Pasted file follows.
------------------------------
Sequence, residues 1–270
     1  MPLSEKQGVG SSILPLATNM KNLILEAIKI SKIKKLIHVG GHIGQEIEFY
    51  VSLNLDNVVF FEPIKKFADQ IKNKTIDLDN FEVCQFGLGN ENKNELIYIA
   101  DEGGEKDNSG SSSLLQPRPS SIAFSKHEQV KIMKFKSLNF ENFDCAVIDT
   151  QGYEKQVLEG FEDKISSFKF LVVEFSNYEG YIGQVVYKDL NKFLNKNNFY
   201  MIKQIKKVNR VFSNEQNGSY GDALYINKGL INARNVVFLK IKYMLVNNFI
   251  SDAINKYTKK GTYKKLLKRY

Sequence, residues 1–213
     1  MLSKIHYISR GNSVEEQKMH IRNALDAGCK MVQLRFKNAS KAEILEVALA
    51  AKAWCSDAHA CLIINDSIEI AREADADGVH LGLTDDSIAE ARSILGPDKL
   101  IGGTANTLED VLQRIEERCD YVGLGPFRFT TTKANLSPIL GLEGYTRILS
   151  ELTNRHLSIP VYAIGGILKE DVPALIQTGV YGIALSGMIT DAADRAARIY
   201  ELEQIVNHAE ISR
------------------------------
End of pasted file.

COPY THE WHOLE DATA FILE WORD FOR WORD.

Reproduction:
Sequence, residues 1–270
     1  MPLSEKQGVG SSILPLATNM KNLILEAIKI SKIKKLIHVG GHIGQEIEFY
    51  VSLNLDNVVF FEPIKKFADQ IKNKTIDLDN FEVCQFGLGN ENKNELIYIA
   101  DEGGEKDNSG SSSLLQPRPS SIAFSKHEQV KIMKFKSLNF ENFDCAVIDT
   151  QGYEKQVLEG FEDKISSFKF LVVEFSNYEG YIGQVVYKDL NKFLNKNNFY
   201  MIKQIKKVNR VFSNEQNGSY GDALYINKGL INARNVVFLK IKYMLVNNFI
   251  SDAINKYTKK GTYKKLLKRY

Sequence, residues 1–213
     1  MLSKIHYISR GNSVEEQKMH IRNALDAGCK MVQLRFKNAS KAEILEVALA
    51  AKAWCSDAHA CLIINDSIEI AREADADGVH LGLTDDSIAE ARSILGPDKL
   101  IGGTANTLED VLQRIEERCD YVGLGPFRFT TTKANLSPIL GLEGYTRILS
   151  ELTNRHLSIP VYAIGGILKE DVPALIQTGV YGIALSGMIT DAADRAARIY
   201  ELEQIVNHAE ISR